We at DRACOON share a common passion: We want to provide the best possible product, which is both technically leading and exactly tailored to the needs of our users. Along the way, we not only have to decide which new features to add, but situations regularly arise where old features conflict with improving DRACOON and can no longer be supported.
In such cases we are often asked by our customers why we cannot keep an old feature and continue to offer it. The reason for this is usually that the costs for maintenance are too high. Costs refer almost exclusively to non-monetary expenses, which would also have to be borne by our customers. Whenever we decide to remove functions from the product, we do so in the belief that it is best not only for us but for all of our customers as well.
Reasons for the End of Support for Features
Below, we will go into detail about the various reasons why our customers or we incur expenses and therefore obsolete functions can no longer be supported.
In software development there is the important principle of " technical debt". This describes the fact that the maintenance effort of obsolete components increases disproportionately over time and causes costs for both our customers and ourselves. The emergence of technological debt can have various causes.
On the one hand, rapid technological progress means that new developments have the potential to render existing implementations obsolete. On the other hand, the enormous increase in data and bandwidth can lead to certain features no longer functioning satisfactorily and needing to be replaced by modern technology. To avoid building up technological debt, we regularly have to question existing features and remove some features that are no longer up to date, in other words, all high-quality software is subject to constant redesign and development.
On the other hand, outdated features and technologies make the integration of new functionality difficult or even impossible. The consequences are firstly a significantly higher development effort and subsequently a strongly increased maintenance effort, since the correct function of several features must now be ensured. Secondly, the existence of obsolete features often prevents the high-quality integration of new functionality into DRACOON. Removing obsolete features helps us to invest the time otherwise lost due to technical debt into new features and future technology.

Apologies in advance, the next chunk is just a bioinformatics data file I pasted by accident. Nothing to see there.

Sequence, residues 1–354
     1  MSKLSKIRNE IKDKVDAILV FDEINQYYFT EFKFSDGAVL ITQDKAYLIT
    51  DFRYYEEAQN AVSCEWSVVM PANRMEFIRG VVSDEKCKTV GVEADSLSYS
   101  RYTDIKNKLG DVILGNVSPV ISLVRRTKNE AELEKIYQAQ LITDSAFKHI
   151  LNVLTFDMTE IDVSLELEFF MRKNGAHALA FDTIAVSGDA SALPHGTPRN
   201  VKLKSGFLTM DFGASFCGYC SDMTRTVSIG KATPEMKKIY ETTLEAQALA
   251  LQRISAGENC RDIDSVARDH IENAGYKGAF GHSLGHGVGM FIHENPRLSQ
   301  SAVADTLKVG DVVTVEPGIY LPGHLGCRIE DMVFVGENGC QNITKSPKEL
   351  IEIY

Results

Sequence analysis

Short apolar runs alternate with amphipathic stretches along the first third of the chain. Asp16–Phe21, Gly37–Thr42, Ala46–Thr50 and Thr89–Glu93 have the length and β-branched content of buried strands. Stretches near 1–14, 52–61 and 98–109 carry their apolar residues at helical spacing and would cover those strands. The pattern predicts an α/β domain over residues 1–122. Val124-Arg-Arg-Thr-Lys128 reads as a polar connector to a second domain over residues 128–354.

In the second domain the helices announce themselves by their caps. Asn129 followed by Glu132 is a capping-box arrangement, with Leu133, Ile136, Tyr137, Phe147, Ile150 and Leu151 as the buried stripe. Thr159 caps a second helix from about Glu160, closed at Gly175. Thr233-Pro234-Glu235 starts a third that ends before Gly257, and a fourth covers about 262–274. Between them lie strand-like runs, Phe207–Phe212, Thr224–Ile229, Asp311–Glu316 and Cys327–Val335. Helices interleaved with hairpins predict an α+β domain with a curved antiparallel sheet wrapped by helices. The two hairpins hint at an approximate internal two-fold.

When analyzing such obsolete features we often find out that they are only used very sporadically by our customers because they have already been replaced by newer options due to an aging process. This observation strengthens our decision to focus on the development of new functions.
The coexistence of obsolete and new features also affects our customer support. In order to provide our customers with the best possible support, every support agent must have detailed knowledge of both obsolete and new features. In addition, this requires comprehensive and well-maintained documentation. The time invested in this is therefore not available to support our customers in other areas.
This challenge is also directly reflected in the internal help desk of our customers—there too, knowledge must be available and comprehensive documentation must be ensured. In some cases, increased training is necessary to avoid operating errors when different options coexist.
Simultaneously, the existence of old and new functions leads to an increased communication effort. In addition to our support team, it costs especially our customers additional time to determine versions and configuration settings of affected features in order to solve an existing problem.
User experience (UX) is located at the interface between technology and people. UX describes how well human users find their way around an application and how pleasant it is to work with an application.
Rapid technological progress is also affecting the user experience, for example with new operating concepts and device classes such as tablets, which offer considerable advantages for our customers. Removing obsolete features ensures that DRACOON remains intuitive to use and prevents incorrect operation or unnecessary reference to the user manual. This leads to productivity gains and increased satisfaction of our customers' employees.
Hopefully, we could provide some insight into the complex decision making processes that will take place before we decide to remove features from DRACOON. We are very aware that in almost all cases there are one or two customers who have integrated a feature into their daily work process and do not want to miss it. Nevertheless we are forced to make these decisions in the interest of our entire customer base. We communicate the end of support for features with a long time in advance and through various channels so that changes do not catch our customers unprepared. In addition, our support environment provides an overview for each affected feature, in which we show our customers alternatives for dealing with the changed situation.
Ultimately, removing obsolete and outdated features also means focusing on the essentials, on what makes our product what it is, on what ensures that our customers get the maximum benefit from DRACOON.